Can AI-generated arguments change minds on controversial hot-button issues?

via Stanford University

Can AI-generated arguments change minds on controversial hot-button issues?

Researchers at Stanford University wanted to see if AI-generated arguments could change minds on controversial hot-button issues. It worked.

Suddenly, the world is abuzz with chatter about chatbots. Artificially intelligent agents, like ChatGPT, have shown themselves to be remarkably adept at conversing in a very human-like fashion. Implications stretch from the classroom to Capitol Hill. ChatGPT, for instance, recently passed written exams at top business and law schools, among other feats both awe-inspiring and alarming.

Researchers at Stanford University’s Polarization and Social Change Lab and the Institute for Human-Centered Artificial Intelligence (HAI) wanted to probe the boundaries of AI’s political persuasiveness by testing its ability to sway real humans on some of the hottest social issues of the day — an assault weapon ban, the carbon tax, and paid parental leave, among others.

“AI fared quite well. Indeed, AI-generated persuasive appeals were as effective as ones written by humans in persuading human audiences on several political issues,” said Hui “Max” Bai, a postdoctoral researcher in the Polarization and Social Change Lab and first author on a new paper about the experiment in pre-print.

Clever Comparison

The research team, led by Robb Willer, a professor of sociology, psychology, and organizational behavior in the Stanford School of Humanities and Sciences and director of the Polarization and Social Change Lab, used GPT-3, the same large language model that fuels ChatGPT. They asked their model to craft persuasive messages on several controversial topics.

They then had thousands of real human beings read those persuasive texts. The readers were randomly assigned texts — sometimes they were written by AI, other times they were crafted by humans. In all cases, participants were asked to declare their positions on the issues before and after reading. The research team was then able to gauge how persuasive the messages had been on the readers and to assess which authors had been most persuasive and why.

Figure 1: Examples of AI and human-generated persuasive arguments.

Across all three comparisons conducted, the AI-generated messages were “consistently persuasive to human readers.” Though the effect sizes were relatively small, falling within a range of a few points on a scale of zero to 100, such small moves extrapolated across a polarizing topic and a voting-population scale could prove significant.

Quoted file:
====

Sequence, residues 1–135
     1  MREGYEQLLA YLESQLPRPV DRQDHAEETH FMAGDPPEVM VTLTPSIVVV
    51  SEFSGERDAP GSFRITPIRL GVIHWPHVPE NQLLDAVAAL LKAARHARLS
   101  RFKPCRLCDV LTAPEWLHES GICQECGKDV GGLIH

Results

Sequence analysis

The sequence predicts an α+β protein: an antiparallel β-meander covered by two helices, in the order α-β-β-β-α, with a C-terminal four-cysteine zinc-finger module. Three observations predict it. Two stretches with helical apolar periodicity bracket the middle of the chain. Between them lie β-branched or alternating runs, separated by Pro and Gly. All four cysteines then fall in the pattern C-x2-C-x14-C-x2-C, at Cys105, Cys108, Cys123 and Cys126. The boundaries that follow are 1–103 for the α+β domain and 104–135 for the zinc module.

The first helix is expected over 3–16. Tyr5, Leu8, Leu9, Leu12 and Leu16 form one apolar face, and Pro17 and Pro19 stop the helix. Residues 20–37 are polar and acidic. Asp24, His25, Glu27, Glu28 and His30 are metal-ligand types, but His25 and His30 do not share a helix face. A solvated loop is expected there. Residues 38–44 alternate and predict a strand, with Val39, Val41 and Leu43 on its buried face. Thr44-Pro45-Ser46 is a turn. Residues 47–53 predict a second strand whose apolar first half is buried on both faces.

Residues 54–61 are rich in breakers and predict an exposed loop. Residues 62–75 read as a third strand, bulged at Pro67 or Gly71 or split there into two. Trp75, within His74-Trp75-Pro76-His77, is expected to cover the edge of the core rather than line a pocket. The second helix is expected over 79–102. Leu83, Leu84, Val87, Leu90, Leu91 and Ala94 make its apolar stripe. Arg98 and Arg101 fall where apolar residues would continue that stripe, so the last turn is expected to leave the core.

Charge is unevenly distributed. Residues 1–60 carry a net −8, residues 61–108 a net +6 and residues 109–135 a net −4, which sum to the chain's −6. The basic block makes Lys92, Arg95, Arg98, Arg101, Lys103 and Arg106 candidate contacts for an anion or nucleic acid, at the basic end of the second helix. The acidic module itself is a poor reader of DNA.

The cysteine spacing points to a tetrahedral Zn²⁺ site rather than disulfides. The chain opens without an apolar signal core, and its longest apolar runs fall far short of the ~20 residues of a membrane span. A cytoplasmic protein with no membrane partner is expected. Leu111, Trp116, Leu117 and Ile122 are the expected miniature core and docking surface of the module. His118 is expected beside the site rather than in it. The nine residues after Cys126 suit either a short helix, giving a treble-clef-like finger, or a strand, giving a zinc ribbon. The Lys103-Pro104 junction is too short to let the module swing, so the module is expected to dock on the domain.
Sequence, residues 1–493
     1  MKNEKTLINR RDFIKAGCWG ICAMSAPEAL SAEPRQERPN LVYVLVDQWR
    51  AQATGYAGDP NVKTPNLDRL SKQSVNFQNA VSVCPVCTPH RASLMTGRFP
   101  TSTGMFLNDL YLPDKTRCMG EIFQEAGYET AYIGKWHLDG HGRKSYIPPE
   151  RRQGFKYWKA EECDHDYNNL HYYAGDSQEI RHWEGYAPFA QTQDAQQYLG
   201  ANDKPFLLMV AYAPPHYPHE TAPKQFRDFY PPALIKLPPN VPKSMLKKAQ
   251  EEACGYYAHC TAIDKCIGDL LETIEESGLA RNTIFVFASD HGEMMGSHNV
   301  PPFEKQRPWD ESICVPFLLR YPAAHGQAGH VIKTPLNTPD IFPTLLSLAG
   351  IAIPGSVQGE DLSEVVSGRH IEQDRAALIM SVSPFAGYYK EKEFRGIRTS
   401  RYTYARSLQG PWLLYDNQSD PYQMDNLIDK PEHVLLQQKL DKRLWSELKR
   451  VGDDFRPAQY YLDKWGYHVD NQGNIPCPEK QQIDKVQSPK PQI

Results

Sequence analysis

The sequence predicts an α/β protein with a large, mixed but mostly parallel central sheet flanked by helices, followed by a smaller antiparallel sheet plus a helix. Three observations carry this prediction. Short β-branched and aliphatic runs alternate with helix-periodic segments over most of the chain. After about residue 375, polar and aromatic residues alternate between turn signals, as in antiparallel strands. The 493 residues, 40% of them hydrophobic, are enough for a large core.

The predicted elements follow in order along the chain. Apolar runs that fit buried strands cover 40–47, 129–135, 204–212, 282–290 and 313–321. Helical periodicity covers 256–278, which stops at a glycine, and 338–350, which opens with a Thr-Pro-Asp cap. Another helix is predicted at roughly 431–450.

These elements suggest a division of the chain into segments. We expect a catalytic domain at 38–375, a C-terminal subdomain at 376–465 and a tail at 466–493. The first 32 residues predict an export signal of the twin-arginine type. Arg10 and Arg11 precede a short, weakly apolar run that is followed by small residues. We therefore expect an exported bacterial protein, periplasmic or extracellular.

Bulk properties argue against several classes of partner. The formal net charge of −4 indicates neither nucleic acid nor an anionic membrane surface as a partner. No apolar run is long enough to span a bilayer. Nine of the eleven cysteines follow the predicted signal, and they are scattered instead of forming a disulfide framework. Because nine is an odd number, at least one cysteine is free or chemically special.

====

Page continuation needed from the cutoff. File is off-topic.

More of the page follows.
For instance, the authors report that AI-generated messages were at least as persuasive as human-generated messages across all topics, and on a smoking ban, gun control, carbon tax, an increased child tax credit, and a parental leave program, participants became “significantly more supportive” of the policies when reading AI-produced texts.

Figure 2: Y-axes represent the difference between participants’ post-treatment and pre-treatment policy support. Higher scores indicate participants became more supportive of the policy.

As an additional metric, the team asked participants to describe the qualities of the texts they had read. AI ranked consistently as more factual and logical, less angry, and less reliant upon storytelling as a persuasive technique.

High-Stakes Game

The researchers undertook their study of political persuasiveness not as a steppingstone to a new era of AI-infused political discourse but as a cautionary tale about the potential for things to go afoul. Chatbots, they say, have serious implications for democracy and for national security.

The authors worry about the potential for harm if used in a political context. Large language models, such as GPT-3, might be applied by ill-intentioned domestic and foreign actors through mis- or disinformation campaigns or to craft problematic content based on inaccurate or misleading information for as-yet-unforeseen political purposes.

“Clearly, AI has reached a level of sophistication that raises some high-stakes questions for policy- and lawmakers that demand their attention,” Willer said. “AI has the potential to influence political discourse, and we should get out in front of these issues from the start.”

Persuasive AI, Bai noted, could be used for mass-scale campaigns based on suspect information and used to lobby, generate online comments, write peer-to-peer text messages, or even produce letters to editors of influential print media.

See Also

“These concerning findings call for immediate consideration of regulations of the use of AI for political activities,” Bai said.

 

Original Article: AI’s Powers of Political Persuasion

More from: Stanford University 

 

 

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